“Learning that heavy rains are expected in Central Luzon or even ‘in the area of Tarlac’ is actually not very helpful,” says Rodelio Taberna, Gerona’s Agromet observer.
Taberna used to work as one of the drivers of Municipal Hall. But after training with Pagasa experts through the CRSF, he now mans the town’s very own weather station.
Housed in a bungalow-type structure surrounded by croplands in Barangay Tagumbao, the Gerona Agromet is equipped with an Automatic Weather Station (AWS). As the AWS is linked to national and international weather and climate monitoring agencies, the “big picture” information is reconciled with local observation.
Based on that, the Agromet observer sends out 10-day forecasts and corresponding advice on what impact the weather may have on farms and what activities are recommended.
Taberna posts the forecasts and advisories on a billboard at the municipal agriculture office at the town center.
He also posts the information in Gerona Agromet’s own Facebook page and sends out text messages for people asking for information.
For example, farmers hold off spraying against pests on a day when it is expected to rain. A sunny forecast means it is a good idea to go ahead with drying seeds.
Looming heavy rains or even a typhoon may also prompt farmers to go for a mechanized harvest than risk having their crop wiped out entirely.
“Even the non-farmers regularly check us out on the billboard and on Facebook,” Taberna says. “Also, some farmers here have access to even the simplest feature phones. They don’t have to make the trip to the town center to get weather information.”
At the mercy of weather
As one of the first graduates of CRFS—or “adapters,” as R1 calls them—Junior Aguilar now leads a different lifestyle.
The 42-year-old former overseas worker is now a full-time tenant that tends to a three-hectare farm.
“With the help of what I have learned [through the CRFS], my harvest is no longer fully at the mercy of the weather and climate,” Aguilar said.
With CRFS-guided farming experience over the past three years, Aguilar was able to identify the best seeds to use. Not only did harvest improve, the engineering graduate has leveled up to growing seeds—that is, grains for planting instead of milling.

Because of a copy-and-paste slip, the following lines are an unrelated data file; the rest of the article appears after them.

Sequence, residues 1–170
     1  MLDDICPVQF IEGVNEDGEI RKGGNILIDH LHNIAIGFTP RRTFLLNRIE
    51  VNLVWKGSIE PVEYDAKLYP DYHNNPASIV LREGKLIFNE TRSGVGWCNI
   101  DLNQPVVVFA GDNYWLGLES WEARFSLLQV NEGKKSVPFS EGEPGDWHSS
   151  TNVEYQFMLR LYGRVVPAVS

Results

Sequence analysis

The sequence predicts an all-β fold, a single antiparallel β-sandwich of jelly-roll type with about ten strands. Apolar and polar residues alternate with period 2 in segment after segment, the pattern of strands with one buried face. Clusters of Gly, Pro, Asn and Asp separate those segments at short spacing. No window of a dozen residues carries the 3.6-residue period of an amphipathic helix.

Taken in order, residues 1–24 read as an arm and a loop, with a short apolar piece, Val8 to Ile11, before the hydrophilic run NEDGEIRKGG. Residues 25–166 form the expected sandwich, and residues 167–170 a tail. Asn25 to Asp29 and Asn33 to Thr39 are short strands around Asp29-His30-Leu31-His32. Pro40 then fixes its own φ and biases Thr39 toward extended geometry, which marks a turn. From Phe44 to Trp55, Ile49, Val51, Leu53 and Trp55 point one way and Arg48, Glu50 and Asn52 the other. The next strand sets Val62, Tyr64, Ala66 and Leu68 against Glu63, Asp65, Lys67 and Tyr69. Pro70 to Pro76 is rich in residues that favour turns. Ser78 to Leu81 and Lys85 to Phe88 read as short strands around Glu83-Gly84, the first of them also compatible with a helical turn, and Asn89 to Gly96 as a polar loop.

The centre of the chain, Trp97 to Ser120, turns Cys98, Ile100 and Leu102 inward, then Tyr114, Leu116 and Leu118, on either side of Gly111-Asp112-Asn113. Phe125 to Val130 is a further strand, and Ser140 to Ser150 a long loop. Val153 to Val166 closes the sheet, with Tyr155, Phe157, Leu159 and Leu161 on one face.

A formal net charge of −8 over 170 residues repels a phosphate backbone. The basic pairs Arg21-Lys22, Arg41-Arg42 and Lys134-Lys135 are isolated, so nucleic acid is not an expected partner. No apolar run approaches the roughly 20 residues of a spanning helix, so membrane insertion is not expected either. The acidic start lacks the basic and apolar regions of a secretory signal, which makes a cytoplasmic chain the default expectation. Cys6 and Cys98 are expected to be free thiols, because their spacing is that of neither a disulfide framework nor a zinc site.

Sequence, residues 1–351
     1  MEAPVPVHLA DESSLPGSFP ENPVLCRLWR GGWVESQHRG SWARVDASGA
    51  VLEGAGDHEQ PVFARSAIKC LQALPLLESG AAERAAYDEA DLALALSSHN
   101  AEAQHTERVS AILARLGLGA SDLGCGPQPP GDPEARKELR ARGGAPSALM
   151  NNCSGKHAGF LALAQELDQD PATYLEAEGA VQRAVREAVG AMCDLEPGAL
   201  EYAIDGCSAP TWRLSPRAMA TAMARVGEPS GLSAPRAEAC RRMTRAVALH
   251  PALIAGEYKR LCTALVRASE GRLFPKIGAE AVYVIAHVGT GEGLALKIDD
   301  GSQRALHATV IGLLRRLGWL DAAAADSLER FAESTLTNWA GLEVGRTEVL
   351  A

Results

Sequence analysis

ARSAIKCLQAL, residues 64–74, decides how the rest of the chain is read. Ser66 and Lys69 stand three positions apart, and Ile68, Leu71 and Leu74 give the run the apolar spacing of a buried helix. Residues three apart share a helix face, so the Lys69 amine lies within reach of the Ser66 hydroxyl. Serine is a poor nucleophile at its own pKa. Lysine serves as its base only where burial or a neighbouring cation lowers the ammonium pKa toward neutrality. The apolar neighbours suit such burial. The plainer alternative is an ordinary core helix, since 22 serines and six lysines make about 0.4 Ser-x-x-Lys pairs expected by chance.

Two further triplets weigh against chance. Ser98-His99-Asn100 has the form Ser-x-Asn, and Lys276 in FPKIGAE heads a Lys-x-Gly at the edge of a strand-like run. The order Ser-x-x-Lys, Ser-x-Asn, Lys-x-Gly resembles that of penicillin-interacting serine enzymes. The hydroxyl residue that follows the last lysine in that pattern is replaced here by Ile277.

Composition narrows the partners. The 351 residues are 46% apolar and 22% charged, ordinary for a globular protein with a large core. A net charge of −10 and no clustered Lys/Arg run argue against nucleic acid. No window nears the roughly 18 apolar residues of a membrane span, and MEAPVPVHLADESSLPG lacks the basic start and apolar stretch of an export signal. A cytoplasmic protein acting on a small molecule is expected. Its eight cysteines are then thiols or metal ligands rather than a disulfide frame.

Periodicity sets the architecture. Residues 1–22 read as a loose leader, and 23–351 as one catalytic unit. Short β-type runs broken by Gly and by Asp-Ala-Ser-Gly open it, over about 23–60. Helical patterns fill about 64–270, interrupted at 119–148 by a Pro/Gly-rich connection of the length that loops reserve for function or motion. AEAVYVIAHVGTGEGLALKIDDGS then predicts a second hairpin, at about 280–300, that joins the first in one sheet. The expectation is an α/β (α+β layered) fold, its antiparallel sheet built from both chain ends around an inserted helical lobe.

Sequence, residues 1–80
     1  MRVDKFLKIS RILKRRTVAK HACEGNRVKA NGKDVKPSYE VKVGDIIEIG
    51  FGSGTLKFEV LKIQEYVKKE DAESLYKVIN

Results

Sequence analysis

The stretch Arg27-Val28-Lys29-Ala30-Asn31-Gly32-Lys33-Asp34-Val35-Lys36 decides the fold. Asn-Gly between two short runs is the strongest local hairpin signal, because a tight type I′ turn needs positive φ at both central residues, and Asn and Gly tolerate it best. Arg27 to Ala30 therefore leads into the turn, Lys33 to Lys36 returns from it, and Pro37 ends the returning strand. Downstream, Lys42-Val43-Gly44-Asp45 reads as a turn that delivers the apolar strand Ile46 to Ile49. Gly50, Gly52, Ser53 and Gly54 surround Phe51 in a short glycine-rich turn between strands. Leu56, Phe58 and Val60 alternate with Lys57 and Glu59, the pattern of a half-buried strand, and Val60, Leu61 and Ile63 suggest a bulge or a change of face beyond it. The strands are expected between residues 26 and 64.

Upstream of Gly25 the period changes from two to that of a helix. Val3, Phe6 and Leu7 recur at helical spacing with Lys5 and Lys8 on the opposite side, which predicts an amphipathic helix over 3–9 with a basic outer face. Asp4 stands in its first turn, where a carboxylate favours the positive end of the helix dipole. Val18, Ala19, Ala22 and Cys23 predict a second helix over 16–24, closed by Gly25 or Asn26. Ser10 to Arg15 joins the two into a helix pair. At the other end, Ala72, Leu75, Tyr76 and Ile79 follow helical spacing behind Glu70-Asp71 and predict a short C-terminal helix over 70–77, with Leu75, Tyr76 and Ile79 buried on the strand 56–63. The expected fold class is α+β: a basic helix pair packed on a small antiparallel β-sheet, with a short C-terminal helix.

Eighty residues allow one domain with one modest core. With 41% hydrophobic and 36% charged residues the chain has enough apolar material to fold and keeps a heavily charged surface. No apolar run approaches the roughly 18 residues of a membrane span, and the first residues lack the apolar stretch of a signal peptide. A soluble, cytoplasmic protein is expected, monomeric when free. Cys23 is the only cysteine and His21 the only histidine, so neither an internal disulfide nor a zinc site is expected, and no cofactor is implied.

Aguilar favors a rice variety that locals call “sampaguita,” which is not certified and does not require particular inputs such as commercial fertilizer.
As part of CRFS training, farmers are also given the option of using natural farming methods or non-chemical fertilizer.
Homer Bucad, 46, is also an adapter and has taken to multi-cropping and organic farming. He said he found that these methods make sense, especially with his farm holding of only a hectare.
Bucad used to work in a bakery, but took over his father’s tenancy when the latter became too old to continue working the field.
“I grow four rice varieties—magnolia, sampaguita, jasmin and malagkit (glutinous),” he says. “Although my farm is not certified organic, my buyers know how I grow my rice because most of them are my townmates.”
Bucad realizes that, because his farm has no access to irrigation infrastructure, it’s better to try other crops than to insist on planting rice again during the dry season.
“I grow singkamas and monggo instead,” he said. “Fuel for a shallow-tube well is expensive. Besides, the monggo helps enrich the soil for the next rice crop when the wet season comes again.”
According to Milagros Pacheco, the municipal agriculturist of Gerona, during the last occurrence of El Niño, many farmers in Gerona were not able to plant at all. “Now there’s a guide for farmers and they can adjust not only the timing but also which crops to grow.”
She says that, before training with the CRFS, farmers relied on practices that they got used to—such as planting at the same time of the year even if, weather-wise, it was not advisable.
“If El Niño does occur this year, farmers may or may not have a hard time depending on how they manage their farms,” Pacheco adds. “But it is certain that they will improve their knowledge and will be better prepared for the next long drought.”